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Seeking to diversify and bolster its scripted output, Banijay Rights has signed a first-look development deal with Ellie Wood (“Bleak House”), a veteran British producer who founded and runs the independent production company Clearwood Films.

Under the pact, Banjiay Rights and Wood will work together to develop and produce all of Clearwood Films’ TV series for the U.K. and international markets. Banijay Rights will also handle international sales on the shows.

Caroline Torrance, the head of scripted at Banijay Rights, said this “new partnership further bolsters Banijay’s commitment and expertise in scripted programming, and capitalizes on the continued growth we are witnessing in the drama market.”

The first drama to be co-developed by both companies is “Stonehouse,” a spy thriller series based on an idea by John Preston, the author of “A Very English Scandal.”

The series will revolve around the true story of John Stonehouse, the former Labour Party Cabinet minister who faked his own death in 1974, leaving a pile of clothes on a beach in Miami. It was presumed he had gone swimming and drowned, or possibly been killed by a shark. Stonehouse was in fact en route to Australia to set up a new life with his mistress and secretary, Sheila Buckley. The scandal precipitated a national political crisis.

Preston’s “A Very English Scandal” dealt with another real-life British political imbroglio, that of an alleged plot by closeted gay lawmaker Jeremy Thorpe to have his lover killed.

“I’ve always been fascinated by the Stonehouse story. It’s every bit as bizarre as the Jeremy Thorpe affair and similarly tells the tale of an extraordinary character whose misadventures threatened to bring down the government,” said Preston, who will co-write the drama, which is currently in development.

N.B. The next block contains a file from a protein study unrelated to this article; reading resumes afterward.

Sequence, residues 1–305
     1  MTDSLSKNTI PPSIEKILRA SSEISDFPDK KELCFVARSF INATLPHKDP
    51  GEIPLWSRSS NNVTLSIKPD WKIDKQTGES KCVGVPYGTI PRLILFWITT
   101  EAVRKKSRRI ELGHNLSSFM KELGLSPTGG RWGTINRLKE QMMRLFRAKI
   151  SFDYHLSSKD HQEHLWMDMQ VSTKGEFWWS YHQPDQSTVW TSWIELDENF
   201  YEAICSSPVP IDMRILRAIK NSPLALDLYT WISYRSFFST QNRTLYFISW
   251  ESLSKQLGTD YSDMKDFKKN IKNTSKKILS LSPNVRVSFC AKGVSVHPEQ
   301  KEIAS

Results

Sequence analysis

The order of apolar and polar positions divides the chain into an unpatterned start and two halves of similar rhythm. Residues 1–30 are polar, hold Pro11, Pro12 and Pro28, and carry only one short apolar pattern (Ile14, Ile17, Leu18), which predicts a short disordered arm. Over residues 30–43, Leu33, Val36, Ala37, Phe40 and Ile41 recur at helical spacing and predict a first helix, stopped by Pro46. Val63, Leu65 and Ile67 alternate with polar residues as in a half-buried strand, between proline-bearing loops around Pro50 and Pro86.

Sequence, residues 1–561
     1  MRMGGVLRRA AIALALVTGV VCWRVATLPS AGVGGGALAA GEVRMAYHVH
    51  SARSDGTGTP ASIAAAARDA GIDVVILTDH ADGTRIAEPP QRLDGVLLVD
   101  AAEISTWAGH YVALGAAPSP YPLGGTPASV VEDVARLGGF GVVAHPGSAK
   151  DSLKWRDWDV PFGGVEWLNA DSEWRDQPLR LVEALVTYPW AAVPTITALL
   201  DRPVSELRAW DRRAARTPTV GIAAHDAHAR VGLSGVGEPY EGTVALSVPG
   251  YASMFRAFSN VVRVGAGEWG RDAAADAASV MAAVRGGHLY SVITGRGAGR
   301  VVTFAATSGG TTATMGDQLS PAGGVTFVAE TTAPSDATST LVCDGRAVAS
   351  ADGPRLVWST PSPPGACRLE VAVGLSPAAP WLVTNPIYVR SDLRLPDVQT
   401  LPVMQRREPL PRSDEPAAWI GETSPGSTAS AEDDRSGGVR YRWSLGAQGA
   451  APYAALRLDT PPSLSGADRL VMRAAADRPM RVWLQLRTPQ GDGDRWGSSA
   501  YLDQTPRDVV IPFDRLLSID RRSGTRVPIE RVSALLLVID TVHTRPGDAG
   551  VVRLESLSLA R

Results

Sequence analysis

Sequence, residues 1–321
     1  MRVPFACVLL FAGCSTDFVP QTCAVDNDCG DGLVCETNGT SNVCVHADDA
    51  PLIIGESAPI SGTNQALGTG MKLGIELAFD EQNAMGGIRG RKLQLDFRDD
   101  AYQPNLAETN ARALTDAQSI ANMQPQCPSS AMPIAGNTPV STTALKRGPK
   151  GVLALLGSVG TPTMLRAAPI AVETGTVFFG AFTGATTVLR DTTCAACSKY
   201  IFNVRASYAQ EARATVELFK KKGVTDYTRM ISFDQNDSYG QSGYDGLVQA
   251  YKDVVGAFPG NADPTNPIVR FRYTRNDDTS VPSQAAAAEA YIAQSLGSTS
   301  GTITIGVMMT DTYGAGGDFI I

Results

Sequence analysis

The deal with Wood underscores Banijay Rights’s ambition to strengthen its positioning within the competitive scripted landscape in key territories. Banijay Rights recently signed a first-look agreement with another British production company, Greenacre Films.

“Banijay Rights’ experience and global presence will be hugely beneficial in putting us and our forthcoming shows in front of the key international players,” said Wood, who has worked on several award-winning dramas such as “Bleak House,” “The Line of Beauty” and “Decline and Fall.”

Wood is also set to produce the feature film adaptation of Preston’s novel “The Dig,” about the true story of the discovery of England’s Sutton Hoo treasure of Anglo-Saxon artifacts, with Nicole Kidman and Ralph Fiennes attached to star. The movie will start shooting this summer.

Wood, who has forged relationships with strong writers during her tenure at the BBC, said her company is primarily interested in producing one-hour, high-end drama series, with a particular interest in literary adaptations.

Banijay Rights CEO Tim Mutimer said his company was interested in both original series and shows based on existing IPs and is always looking for opportunities abroad, particularly in German and English-speaking territories.

“Banijay’s success with landmark drama series ‘Versailles,’ coupled with Nordic dramas such as ‘Occupied’ from Yellowbird made us realise that there was a huge global market for quality drama and fuelled our ambition to grow our activity in the scripted space,” said Mutimer.

In the past couple of years, Banijay has increased its investment in the scripted space, notably with the expansion of Yellow Bird, the thriving Scandinavian company behind “The Girl With the Dragon Tattoo” and “Wallander” in the U.K. and U.S. Established in 16 territories, Banijay Rights has built a strong drama hub in the U.K. with Neon Ink, Fearless Minds, and Blacklight, and has ramped up its presence in France with Terence Films and in Italy with the launch of Banijay Studios Italy.

Banijay Rights’ current drama slate includes “Straightforward,” a Scandi-New Zealand crime drama; “Hidden”, a Scandi urban fantasy; and “Wisting,” a Norwegian detective thriller based on Jørn Lier Horst’s crime novels. Banijay Studios France is also co-producing with Studiocanal Original “Mouche,” the French adaptation of Phoebe Waller-Bridge’s hit comedy series “Fleabag.”